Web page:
[OSGeo-Standards] [OSGeo-Discuss] Would you be concerned if the "GeoServices REST API" became an OGC standard?

Cameron Shorter cameron.shorter at gmail.com
Sat May 4 14:21:10 PDT 2013

Thankyou, I was hoping that someone such as your self with insights into 
the standard would explain the details. You email has been a great help.

I'm also hoping that someone will provide a more detailed comparison of 
the similarities / differences, to help the rest of the community 
understand what is happening.

On 05/05/13 02:43, Adrian Custer wrote:
> Dear Cameron, all,
> There is indeed a massive conflict at the OGC related to this proposed 
> standard and it may be useful to inform this list about that conflict 
> and the process.
> However, I am unsure how expanding the *discussion* here helps.
> The proposed standard aims to document a series of web services and a 
> JSON based data exchange format. The standard comes in eight parts
>  12-054r2       GeoServices REST API - Part 1: Core
>  12-055r2       GeoServices REST API - Part 2: Catalog
>  12-056r2       GeoServices REST API - Part 3: Map Service
>  12-057r2       GeoServices REST API - Part 4: Feature Service
>  12-058r2       GeoServices REST API - Part 5: Geometry Service
>  12-059r2       GeoServices REST API - Part 6: Image Service
>  12-060r2       GeoServices REST API - Part 7: Geoprocessing Service
>  12-061r2       GeoServices REST API - Part 8: Geocoding Service
> and there are also
>  12-068r2      GeoServices REST API - JSON Schemas and Examples
> The documents describe the functioning of a set of web services, 
> developed originally by ESRI, and the JSON format for many objects, 
> also defined by ESRI, and used by those services.
> The OGC request for comments (now closed) is here:
>     http://www.opengeospatial.org/standards/requests/89
> with each of the documents.
> Note that Cameron was either unclear or incorrect in his presentation 
> of where the standard now stands.
>   * The document was released for public comment. (see above)
>   * A response to all the comments was issued. (however incomplete)
>   * The document was then released for a vote.
>   * The vote was suspended because two 'no' votes were heard.
>   * A response was issued to the 'no' votes.
>   * The vote was resumed
>   * The vote was (re) suspended because two additional 'no' votes
>     were heard, with new arguments.
>   => the vote is current suspended awaiting
>        (1) a response to the new reasons, and
>        (2) a decision of what to do next by the leadership of the
>            OGC technical committee (where all this work happens),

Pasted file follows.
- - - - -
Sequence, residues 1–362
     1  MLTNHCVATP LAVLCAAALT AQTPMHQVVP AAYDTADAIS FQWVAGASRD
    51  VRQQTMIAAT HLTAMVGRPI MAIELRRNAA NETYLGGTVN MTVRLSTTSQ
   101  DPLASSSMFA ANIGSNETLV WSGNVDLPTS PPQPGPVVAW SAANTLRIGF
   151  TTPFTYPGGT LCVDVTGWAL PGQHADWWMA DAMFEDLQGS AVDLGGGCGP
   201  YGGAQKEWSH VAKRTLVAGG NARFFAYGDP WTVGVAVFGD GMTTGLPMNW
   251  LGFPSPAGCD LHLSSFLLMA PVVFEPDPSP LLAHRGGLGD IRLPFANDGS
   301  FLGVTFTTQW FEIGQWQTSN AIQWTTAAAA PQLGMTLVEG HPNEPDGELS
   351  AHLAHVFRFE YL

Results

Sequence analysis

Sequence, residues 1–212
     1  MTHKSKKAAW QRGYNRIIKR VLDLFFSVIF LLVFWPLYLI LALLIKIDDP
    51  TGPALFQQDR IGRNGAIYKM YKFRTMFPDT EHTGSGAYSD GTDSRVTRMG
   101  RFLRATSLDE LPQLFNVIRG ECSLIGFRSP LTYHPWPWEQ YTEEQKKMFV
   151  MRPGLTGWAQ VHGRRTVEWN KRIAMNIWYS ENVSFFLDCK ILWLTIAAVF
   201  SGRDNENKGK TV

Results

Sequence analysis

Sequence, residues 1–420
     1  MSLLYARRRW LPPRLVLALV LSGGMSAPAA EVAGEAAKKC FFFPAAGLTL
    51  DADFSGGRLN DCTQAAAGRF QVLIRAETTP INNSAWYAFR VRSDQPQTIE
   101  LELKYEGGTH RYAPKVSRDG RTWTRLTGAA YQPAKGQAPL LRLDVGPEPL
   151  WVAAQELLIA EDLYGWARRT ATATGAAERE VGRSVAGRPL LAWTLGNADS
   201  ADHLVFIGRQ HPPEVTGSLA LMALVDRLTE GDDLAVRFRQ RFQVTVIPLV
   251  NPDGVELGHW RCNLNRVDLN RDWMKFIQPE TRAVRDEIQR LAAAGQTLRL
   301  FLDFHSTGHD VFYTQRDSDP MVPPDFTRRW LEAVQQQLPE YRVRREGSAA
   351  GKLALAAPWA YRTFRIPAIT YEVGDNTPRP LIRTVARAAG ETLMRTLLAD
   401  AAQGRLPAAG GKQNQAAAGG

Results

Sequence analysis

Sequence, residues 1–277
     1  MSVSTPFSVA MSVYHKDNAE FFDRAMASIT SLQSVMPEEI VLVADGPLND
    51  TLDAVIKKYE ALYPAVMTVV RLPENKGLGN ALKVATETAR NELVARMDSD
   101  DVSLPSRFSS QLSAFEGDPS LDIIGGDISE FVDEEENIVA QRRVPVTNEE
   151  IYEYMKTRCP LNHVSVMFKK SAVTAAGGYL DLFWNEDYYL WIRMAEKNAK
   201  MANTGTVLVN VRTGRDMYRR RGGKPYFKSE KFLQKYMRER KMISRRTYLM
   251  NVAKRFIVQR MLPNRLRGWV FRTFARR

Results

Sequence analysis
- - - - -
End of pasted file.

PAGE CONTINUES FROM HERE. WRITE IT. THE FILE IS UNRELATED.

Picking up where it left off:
>            since we have not yet faced such lack of consensus.
> The proposed standard has been controversial from the start at the 
> OGC. The controversy, as best as I can tell, centers on the following 
> issues:
>   * no backwards incompatible changes were allowed,
>   * no work was done to integrate the proposed services with existing
>     OGC services (W*S, ...),
>   * the only implementations are by ESRI and its partners,
>   * the name of the standard and services are not accurate or distinct.
> Banning backwards incompatible changes is controversial both because 
> it blocked collaboration at the OGC (which essentially had to approve 
> the ESRI implementation as is) and because it prevented things like 
> using GeoJSON where appropriate. Also, going forwards, backwards 
> compatibility will have to be maintained giving the existing 
> implementations (i.e. ESRI's) a huge advantage in defining extensions 
> (ESRI already has a number in the pipeline).
> The lack of integration with existing services is controversial both 
> because they made no effort to work with the existing working groups 
> and because it splits the work of the OGC into competing efforts. 
> There is no clear path forwards towards harmonization despite the fact 
> that most groups working on OGC Services are tackling issues in the 
> same area (simple services, JSON exchange format, REST design).
> The dominance of ESRI is controversial both because the working mode 
> lacked any collaborative spirit and, perhaps most critically, because 
> this is seen as a way through which ESRI can bring its own service 
> onto an equal footing with the current, public OGC standards in the 
> government procurement game. Governments are shifting towards 
> requiring that all spatial software conform with published, open 
> standards; the proposed standard, if adopted, would allow ESRI to push